An eight-inch Transite line serving upstream residential and commercial properties, including McDonald’s and Pizza Hut restaurants along Jefferson Davis Highway, running from Powhatan Street east across the campus between Pollard Hall and Jepson Science Center. DuPont and Pollard Halls, Simpson Library, and Jepson Science Center tie into this sewer with fourand six-inch cast iron lines. An eight-inch terracotta sewer serving residential properties along Dandridge Payne, Parcell, and Rowe Streets, which runs northeast between Chandler and Seacobeck Halls and connects with the previous line north of Mercer Hall and drains to Grove Avenue. Seacobeck , Melchers, and Mercer Halls and the Woodard Center tie into this sewer with four- and six-inch cast iron lines. A six-inch cast iron sewer serving Monroe and Willard Halls drains east to connect with the city sewer that runs along the back yards of residential properties between Sunken Road and Franklin Street. A sewer consisting of eight- and ten-inch cast iron and six- and eight-inch terracotta pipes serves Chandler, Virginia, Lee, Ball, Westmoreland, Trinkle, and George Washington Halls and drains from the campus to Monroe Street. Manson and Randolph Halls drain east through a six-inch cast iron sewer to Cornell Street. A six-inch cast iron pipe from Russell Hall sewers drains east to Mortimer Avenue. Bushnell, South, Framer, and Russell Halls drain east through a six-inch cast iron sewer to Sylvania Avenue. Residential properties along Colony Road and Buckner Street, and Comb and Thomas Jefferson Halls drain via a six-inch RCP to a eight-inch terracotta pipe to William Street.

The Battleground Athletic Complex area sewer drains from five-inch cast iron and six-inch terracotta pipes to the south to a 24-inch trunk main along Hazel Run.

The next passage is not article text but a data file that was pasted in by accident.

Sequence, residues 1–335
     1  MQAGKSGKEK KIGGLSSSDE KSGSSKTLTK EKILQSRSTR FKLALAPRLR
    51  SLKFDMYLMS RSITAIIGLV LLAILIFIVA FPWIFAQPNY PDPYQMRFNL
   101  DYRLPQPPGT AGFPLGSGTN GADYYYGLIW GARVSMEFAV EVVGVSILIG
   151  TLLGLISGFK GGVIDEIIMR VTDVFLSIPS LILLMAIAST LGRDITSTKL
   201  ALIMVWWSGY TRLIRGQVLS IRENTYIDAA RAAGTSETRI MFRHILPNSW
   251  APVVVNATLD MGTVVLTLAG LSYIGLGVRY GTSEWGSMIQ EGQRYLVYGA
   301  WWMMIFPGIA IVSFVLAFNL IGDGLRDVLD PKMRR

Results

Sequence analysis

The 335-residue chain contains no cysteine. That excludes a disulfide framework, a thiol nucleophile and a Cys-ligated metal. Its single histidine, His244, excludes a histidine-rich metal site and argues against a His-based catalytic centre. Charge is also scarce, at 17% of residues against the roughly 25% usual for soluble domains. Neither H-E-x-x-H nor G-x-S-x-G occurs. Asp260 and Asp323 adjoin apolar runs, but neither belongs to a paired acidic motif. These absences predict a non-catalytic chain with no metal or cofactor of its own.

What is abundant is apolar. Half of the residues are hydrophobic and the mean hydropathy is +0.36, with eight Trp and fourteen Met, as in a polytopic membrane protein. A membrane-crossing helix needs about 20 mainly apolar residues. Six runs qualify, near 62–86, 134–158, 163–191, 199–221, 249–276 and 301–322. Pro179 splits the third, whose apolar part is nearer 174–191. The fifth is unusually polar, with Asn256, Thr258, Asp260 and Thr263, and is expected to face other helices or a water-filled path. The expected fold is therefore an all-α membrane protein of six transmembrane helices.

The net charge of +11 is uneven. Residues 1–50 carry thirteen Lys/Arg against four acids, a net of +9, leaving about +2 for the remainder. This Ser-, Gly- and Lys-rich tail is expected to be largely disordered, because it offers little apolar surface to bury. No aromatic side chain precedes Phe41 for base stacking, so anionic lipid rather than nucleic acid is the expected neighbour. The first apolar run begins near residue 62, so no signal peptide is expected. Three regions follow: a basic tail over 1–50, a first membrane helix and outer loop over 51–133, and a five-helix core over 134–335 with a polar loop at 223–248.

Sewer main sizes range from five to eight inches, with the majority of lines six to eight inches. Older lines are cast iron, vitrified clay tile (terracotta), and Transite (asbestos cement pipe); a few newer lines are PVC. Many manholes are brick and may be prone to leakage and potential collapse. The staff rated the campus sanitary sewer system as 1.75 out of 5.0, with 1.0 being bad and 5.0 being good. There is no overall model of the sanitary sewer system that serves UMW. For future development at the University, the condition and capacity of the sewer lines downstream of the area to be developed will need to be determined. Due to the age and condition of much of the sanitary sewer, downstream improvements will most likely be needed.

PROBLEMS AND OPPORTUNITIES • Sewers that serve upstream restaurants have grease problems. • Tree roots are a general problem. • Terracotta sewer adjacent to Seacobeck Hall was slip-lined due to integrity issues. • The sanitary run from Seacobeck Hall to Monroe Hall is reportedly failing. • The sanitary sewer around Annex A is reportedly in poor condition. • Sewage overflows on the sewer running along Hazel Run. • An existing sewer runs under Trinkle Hall. • Brick manholes STORMWATER The University of Mary Washington commissioned a comprehensive report, Stormwater Quality and Quantity Management Study (Stormwater Study) prepared by Koontz-Bryant, PC, dated April 20, 2009, updated December 23, 2009. The findings in the report confirmed that the storm drainage system is generally adequate. There are, however, areas of the system that should be addressed in order to meet state and local ordinances. When analyzing the UMW Fredericksburg campus stormwater system, the following must be considered: stormwater conveyance, quantity, and quality. The above referenced stormwater study established a baseline condition for these items that has been approved by the Virginia Department of Conservation and Recreation (DCR). This baseline is to be used as a basis for their approvals for future development projects on the campus. As areas of the campus are